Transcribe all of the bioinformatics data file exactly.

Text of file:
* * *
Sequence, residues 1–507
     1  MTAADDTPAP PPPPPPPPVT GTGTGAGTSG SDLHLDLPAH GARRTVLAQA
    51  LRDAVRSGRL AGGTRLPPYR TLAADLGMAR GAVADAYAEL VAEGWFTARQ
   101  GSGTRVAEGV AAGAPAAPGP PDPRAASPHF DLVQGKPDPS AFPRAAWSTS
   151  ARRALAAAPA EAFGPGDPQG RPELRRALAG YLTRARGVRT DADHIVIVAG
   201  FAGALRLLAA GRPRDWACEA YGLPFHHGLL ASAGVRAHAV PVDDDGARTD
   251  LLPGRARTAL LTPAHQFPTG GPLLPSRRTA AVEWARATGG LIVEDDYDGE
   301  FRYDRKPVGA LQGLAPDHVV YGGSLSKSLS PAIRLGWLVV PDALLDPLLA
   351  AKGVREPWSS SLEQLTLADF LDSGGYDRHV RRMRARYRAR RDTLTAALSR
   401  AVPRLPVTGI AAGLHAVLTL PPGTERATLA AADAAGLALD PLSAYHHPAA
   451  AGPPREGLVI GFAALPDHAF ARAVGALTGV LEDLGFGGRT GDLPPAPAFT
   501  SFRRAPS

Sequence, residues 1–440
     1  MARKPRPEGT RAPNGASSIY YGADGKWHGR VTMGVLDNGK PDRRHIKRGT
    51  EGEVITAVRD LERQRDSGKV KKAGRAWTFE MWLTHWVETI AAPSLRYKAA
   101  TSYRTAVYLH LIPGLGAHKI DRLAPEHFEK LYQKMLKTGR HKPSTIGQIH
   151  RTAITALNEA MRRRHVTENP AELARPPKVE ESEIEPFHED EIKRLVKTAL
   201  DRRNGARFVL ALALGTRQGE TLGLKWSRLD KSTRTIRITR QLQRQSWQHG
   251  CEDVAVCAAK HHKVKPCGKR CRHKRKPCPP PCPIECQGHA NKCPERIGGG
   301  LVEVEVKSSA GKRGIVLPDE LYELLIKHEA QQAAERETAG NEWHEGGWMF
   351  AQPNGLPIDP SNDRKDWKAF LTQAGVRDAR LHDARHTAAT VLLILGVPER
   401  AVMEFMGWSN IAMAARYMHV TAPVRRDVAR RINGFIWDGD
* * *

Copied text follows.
Sequence, residues 1–507
     1  MTAADDTPAP PPPPPPPPVT GTGTGAGTSG SDLHLDLPAH GARRTVLAQA
    51  LRDAVRSGRL AGGTRLPPYR TLAADLGMAR GAVADAYAEL VAEGWFTARQ
   101  GSGTRVAEGV AAGAPAAPGP PDPRAASPHF DLVQGKPDPS AFPRAAWSTS
   151  ARRALAAAPA EAFGPGDPQG RPELRRALAG YLTRARGVRT DADHIVIVAG
   201  FAGALRLLAA GRPRDWACEA YGLPFHHGLL ASAGVRAHAV PVDDDGARTD
   251  LLPGRARTAL LTPAHQFPTG GPLLPSRRTA AVEWARATGG LIVEDDYDGE
   301  FRYDRKPVGA LQGLAPDHVV YGGSLSKSLS PAIRLGWLVV PDALLDPLLA
   351  AKGVREPWSS SLEQLTLADF LDSGGYDRHV RRMRARYRAR RDTLTAALSR
   401  AVPRLPVTGI AAGLHAVLTL PPGTERATLA AADAAGLALD PLSAYHHPAA
   451  AGPPREGLVI GFAALPDHAF ARAVGALTGV LEDLGFGGRT GDLPPAPAFT
   501  SFRRAPS

Sequence, residues 1–440
     1  MARKPRPEGT RAPNGASSIY YGADGKWHGR VTMGVLDNGK PDRRHIKRGT
    51  EGEVITAVRD LERQRDSGKV KKAGRAWTFE MWLTHWVETI AAPSLRYKAA
   101  TSYRTAVYLH LIPGLGAHKI DRLAPEHFEK LYQKMLKTGR HKPSTIGQIH
   151  RTAITALNEA MRRRHVTENP AELARPPKVE ESEIEPFHED EIKRLVKTAL
   201  DRRNGARFVL ALALGTRQGE TLGLKWSRLD KSTRTIRITR QLQRQSWQHG
   251  CEDVAVCAAK HHKVKPCGKR CRHKRKPCPP PCPIECQGHA NKCPERIGGG
   301  LVEVEVKSSA GKRGIVLPDE LYELLIKHEA QQAAERETAG NEWHEGGWMF
   351  AQPNGLPIDP SNDRKDWKAF LTQAGVRDAR LHDARHTAAT VLLILGVPER
   401  AVMEFMGWSN IAMAARYMHV TAPVRRDVAR RINGFIWDGD